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   2011| May-August  | Volume 9 | Issue 2  
    Online since December 27, 2022

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Mental health training of primary health care workers: case reports from Sri Lanka, Pakistan and Jordan
Boris Budosan
May-August 2011, 9(2):125-136
Evidence suggests that providing support to primary health care with training, assistance and supervision by available mental health professionals is the best way to extend mental health care to the population. Three cases of mental health training programmes for primary health care workers were implemented in different countries, and are described in this article. The objective was to share the lessons learnt in different settings. Relevant primary and secondary data were used to present the cases. The mental health trainings generally improved the mental health knowledge of primary health care workers. More sustainable changes in their mental health care practices were achieved only as a result of several factors combined together: a) professionally designed and implemented mental health training; b) motivation by all key players to develop community mental health services; c) political will by the government followed by formulation of mental health policy promoting integration of mental health into primary care; d) good timing of the programme; and e) influx of funding and professional expertise. The findings of this article support the viewpoint of the World Health Organization that mental health training for primary health care workers is just one of the factors necessary for the successful integration of mental health care into primary health care.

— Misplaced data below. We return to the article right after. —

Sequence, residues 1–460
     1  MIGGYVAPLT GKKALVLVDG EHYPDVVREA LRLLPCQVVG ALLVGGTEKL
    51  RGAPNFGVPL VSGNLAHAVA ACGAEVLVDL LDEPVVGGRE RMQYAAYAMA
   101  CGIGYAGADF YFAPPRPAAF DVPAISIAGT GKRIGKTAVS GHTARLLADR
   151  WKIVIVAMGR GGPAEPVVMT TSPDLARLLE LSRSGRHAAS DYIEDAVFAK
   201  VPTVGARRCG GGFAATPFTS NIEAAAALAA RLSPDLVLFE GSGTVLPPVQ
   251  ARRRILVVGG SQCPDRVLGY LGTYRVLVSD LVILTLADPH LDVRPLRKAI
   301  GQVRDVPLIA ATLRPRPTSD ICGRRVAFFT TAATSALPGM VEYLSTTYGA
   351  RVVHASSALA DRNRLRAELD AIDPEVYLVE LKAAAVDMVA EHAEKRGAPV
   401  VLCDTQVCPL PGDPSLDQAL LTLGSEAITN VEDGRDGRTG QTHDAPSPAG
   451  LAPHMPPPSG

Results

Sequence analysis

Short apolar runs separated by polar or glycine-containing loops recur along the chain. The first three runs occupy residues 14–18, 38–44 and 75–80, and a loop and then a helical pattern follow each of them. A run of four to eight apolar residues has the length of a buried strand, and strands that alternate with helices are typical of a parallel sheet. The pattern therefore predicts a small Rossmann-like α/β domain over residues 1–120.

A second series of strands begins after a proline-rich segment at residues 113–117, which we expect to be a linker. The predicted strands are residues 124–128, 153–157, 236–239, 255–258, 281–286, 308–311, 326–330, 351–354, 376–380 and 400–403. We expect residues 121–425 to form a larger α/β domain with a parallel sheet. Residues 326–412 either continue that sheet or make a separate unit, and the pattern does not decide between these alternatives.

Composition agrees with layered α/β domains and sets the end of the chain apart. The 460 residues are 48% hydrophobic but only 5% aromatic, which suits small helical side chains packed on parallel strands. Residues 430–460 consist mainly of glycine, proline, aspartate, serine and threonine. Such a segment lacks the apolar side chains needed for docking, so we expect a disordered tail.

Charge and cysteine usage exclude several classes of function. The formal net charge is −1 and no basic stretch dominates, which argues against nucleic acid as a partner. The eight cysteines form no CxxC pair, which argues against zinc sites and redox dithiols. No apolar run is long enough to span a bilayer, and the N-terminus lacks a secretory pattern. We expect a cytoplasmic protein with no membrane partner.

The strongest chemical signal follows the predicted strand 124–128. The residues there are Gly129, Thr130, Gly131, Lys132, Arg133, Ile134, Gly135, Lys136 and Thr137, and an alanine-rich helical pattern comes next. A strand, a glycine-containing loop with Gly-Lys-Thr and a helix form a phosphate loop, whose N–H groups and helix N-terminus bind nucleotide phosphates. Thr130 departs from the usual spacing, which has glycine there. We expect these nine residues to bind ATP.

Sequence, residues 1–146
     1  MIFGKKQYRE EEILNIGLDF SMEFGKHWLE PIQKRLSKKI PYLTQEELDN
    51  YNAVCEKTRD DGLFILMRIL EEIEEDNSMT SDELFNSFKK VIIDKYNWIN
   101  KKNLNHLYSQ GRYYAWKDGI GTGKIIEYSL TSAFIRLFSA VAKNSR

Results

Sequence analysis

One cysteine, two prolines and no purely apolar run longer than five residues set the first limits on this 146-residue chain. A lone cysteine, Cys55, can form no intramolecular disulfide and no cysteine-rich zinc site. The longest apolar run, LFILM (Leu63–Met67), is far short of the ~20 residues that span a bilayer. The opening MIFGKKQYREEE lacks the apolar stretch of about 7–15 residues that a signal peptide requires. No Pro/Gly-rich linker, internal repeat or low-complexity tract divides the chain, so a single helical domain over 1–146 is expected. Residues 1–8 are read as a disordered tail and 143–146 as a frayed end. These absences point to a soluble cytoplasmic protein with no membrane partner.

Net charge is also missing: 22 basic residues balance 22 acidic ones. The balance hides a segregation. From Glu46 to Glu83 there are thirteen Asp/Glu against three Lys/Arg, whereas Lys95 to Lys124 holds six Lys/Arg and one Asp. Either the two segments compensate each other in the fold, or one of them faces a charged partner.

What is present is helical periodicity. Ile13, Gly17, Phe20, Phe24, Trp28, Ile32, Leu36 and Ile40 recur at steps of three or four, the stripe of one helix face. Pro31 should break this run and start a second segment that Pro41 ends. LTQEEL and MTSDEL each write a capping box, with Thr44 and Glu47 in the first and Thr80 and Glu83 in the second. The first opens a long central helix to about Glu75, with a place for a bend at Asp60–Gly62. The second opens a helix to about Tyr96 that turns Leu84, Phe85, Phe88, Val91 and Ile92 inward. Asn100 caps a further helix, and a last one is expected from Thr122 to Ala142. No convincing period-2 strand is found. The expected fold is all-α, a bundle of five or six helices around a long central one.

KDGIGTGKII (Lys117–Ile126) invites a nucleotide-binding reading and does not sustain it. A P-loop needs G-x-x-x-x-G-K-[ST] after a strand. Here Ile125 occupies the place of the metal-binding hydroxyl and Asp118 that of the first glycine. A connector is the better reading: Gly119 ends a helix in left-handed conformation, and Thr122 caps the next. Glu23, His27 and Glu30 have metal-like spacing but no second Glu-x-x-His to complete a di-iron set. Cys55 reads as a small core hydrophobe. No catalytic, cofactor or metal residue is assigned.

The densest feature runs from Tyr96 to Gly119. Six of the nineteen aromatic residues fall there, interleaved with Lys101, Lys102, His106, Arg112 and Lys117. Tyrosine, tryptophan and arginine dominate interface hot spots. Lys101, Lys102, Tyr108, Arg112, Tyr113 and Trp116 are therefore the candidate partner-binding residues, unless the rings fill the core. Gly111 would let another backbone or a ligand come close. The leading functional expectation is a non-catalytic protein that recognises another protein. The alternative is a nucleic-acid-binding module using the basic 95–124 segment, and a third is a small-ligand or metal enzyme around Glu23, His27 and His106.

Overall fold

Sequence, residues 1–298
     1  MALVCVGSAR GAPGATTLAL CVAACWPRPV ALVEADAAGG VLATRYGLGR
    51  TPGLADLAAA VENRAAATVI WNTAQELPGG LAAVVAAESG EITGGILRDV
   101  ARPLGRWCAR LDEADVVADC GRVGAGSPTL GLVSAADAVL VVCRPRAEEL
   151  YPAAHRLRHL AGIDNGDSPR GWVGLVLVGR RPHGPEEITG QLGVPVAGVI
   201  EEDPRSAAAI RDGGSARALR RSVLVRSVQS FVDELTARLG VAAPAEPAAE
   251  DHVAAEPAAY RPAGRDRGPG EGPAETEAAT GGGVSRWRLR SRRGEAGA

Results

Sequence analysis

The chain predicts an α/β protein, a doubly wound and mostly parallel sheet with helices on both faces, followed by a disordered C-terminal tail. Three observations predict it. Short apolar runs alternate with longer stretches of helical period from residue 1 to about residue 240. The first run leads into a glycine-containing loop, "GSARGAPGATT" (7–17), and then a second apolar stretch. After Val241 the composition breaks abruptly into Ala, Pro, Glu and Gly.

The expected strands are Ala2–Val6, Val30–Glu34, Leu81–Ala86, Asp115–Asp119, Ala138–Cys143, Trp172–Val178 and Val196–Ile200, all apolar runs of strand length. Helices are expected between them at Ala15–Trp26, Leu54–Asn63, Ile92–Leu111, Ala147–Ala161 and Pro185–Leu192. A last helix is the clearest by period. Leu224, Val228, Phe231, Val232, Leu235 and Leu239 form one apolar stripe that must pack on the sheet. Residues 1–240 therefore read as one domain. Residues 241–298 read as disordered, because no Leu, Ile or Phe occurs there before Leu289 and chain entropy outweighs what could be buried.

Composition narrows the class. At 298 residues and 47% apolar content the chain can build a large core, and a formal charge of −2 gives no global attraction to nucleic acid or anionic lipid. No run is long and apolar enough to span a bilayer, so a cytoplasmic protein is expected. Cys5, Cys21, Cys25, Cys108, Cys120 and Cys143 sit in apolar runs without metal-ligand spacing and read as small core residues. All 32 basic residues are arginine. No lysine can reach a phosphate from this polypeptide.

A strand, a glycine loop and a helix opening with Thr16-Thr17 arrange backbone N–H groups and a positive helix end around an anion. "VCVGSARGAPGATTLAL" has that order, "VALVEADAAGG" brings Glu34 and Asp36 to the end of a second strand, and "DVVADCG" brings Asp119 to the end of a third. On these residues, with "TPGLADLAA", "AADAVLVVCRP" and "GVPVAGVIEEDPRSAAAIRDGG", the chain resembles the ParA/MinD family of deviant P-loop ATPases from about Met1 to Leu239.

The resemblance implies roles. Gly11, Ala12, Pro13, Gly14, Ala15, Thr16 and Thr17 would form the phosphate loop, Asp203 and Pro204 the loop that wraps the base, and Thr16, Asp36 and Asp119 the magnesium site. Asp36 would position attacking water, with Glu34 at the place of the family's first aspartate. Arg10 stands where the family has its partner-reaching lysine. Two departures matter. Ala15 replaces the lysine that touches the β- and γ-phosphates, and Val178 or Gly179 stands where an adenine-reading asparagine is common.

[ABSTRACT]   Full text not available  [PDF]